MINI REVIEW article
Competence in Streptococcus pneumoniae and Close Commensal Relatives: Mechanisms and Implications
- 1Faculty of Dentistry, Institute of Oral Biology, University of Oslo, Oslo, Norway
- 2Department of Biological Sciences, College of Liberal Arts and Sciences, University of Illinois at Chicago, Chicago, IL, United States
The mitis group of streptococci comprises species that are common colonizers of the naso-oral-pharyngeal tract of humans. Streptococcus pneumoniae and Streptococcus mitis are close relatives and share ~60–80% of orthologous genes, but still present striking differences in pathogenic potential toward the human host. S. mitis has long been recognized as a reservoir of antibiotic resistance genes for S. pneumoniae, as well as a source for capsule polysaccharide variation, leading to resistance and vaccine escape. Both species share the ability to become naturally competent, and in this context, competence-associated killing mechanisms such as fratricide are thought to play an important role in interspecies gene exchange. Here, we explore the general mechanism of natural genetic transformation in the two species and touch upon the fundamental clinical and evolutionary implications of sharing similar competence, fratricide mechanisms, and a large fraction of their genomic DNA.
Natural genetic transformation is a prime driver of evolution by promoting genetic variability through horizontal gene transfer (HGT) in both Gram-positive and Gram-negative bacteria. The ability to exchange genetic material via natural transformation is specially conserved across the genus Streptococcus, and is recognized to play an important role in the evolution of their genomes (Straume et al., 2015). During the last two decades, there has been significant increase in the understanding of the “big picture” of natural transformation processes in competent streptococci, with focus not only in physiological characterizations, but also at the gene regulation level. In addition, thanks to the rise of short and long sequencing read techniques, it is now possible to study evolution at the genomic level, leading to a better understanding of the impact of HGT and natural transformation in bacterial species (Cowley et al., 2018; Junges et al., 2018). Streptococci represent an extremely diverse group of more than 100 species, which colonize both humans and animals. Their interactions with the host, however, range from commensalistic to pathogenic relationships. In the mitis group, for instance, Streptococcus pneumoniae (the pneumococcus), asymptomatically inhabits the oral cavity and upper respiratory tract of humans. However, its migration to other regions is related to a wide variety of diseases, such as otitis media, pneumonia, meningitis, and septicemia (Kadioglu et al., 2008; Henriques-Normark and Tuomanen, 2013). On the other hand, other members of this group, such as S. mitis, S. oralis, and S. pseudopneumoniae, which colonize similar sites, generally behave as commensals, with restricted pathogenic potentials (Tappuni and Challacombe, 1993; Pearce et al., 1995; Wright et al., 2017). Evolutionary analyses suggest that these species share a common precursor with S. pneumoniae, and that they evolved from a pneumococcal-like ancestor by genome reduction, losing virulence genes and developing mechanisms to adapt to a commensal lifestyle with the shared human host (Kilian et al., 2014).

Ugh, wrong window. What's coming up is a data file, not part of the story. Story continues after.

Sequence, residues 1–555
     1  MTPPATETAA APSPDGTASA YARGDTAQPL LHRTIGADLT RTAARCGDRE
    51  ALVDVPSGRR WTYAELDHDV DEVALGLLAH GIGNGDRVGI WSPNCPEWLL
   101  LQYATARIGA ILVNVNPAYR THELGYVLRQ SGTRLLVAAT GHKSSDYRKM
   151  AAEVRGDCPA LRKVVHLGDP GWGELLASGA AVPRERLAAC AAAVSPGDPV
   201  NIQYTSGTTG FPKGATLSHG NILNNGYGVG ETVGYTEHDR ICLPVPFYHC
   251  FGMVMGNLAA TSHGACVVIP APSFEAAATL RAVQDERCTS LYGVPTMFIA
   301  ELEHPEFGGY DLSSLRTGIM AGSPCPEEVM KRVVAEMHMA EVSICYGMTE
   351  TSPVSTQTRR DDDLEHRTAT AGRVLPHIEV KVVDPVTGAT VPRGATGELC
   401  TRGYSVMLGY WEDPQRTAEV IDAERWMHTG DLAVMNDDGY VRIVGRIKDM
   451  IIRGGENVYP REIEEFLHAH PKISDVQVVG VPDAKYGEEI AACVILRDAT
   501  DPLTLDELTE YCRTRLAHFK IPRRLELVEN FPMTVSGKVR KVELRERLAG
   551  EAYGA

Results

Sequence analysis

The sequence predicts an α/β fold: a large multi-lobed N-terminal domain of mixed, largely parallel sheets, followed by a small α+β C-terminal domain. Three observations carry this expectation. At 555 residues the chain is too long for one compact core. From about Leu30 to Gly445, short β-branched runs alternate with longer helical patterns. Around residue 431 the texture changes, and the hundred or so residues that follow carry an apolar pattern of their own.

HGT is thought to play important roles in pneumococcal genetic variability related to virulence. Firstly, due to its high immunogenicity, the polysaccharide capsule is under strong selective pressure, which can lead to vaccine escape via natural genetic transformation as a means of genetic exchange of the complete polysaccharide synthesis loci (Kelly et al., 1994; Havarstein et al., 1997; Coffey et al., 1998). Secondly, through transformation, competent pneumococci can quickly integrate diverse antibiotic resistance genes and compromise the treatment of invasive pneumococcal disease, as for example by acquiring genes encoding variant penicillin binding proteins (PBP) from closely related species such as S. mitis and S. oralis (Hakenbeck et al., 2001; Chi et al., 2007). Interestingly, recombination events between S. mitis, S. pneumoniae, S. oralis, and S. pseudopneumoniae also comprise other genes associated with S. pneumoniae virulence and surface proteins. There is evidence of extensive recombination events within the cluster S. pneumoniae/S. pseudopneumoniae/S. mitis during their parallel evolution, which reflects their similarities. Puzzlingly, this exchange has been demonstrated mostly as a “one-way street,” with S. mitis and S. oralis as the DNA providers and S. pneumoniae as the recipient, even though a large proportion of S. mitis and S. oralis strains have the complete set of genes required for transformation (Havarstein et al., 1997; Kilian et al., 2008). Here, we briefly review the known mechanism of natural transformation in the mitis group and explore the evolutionary and clinical implications of the close relatedness and common features shared by S. pneumoniae and its nearby relatives.
Horizontal Gene Transfer in Streptococcus pneumoniae and Close Relatives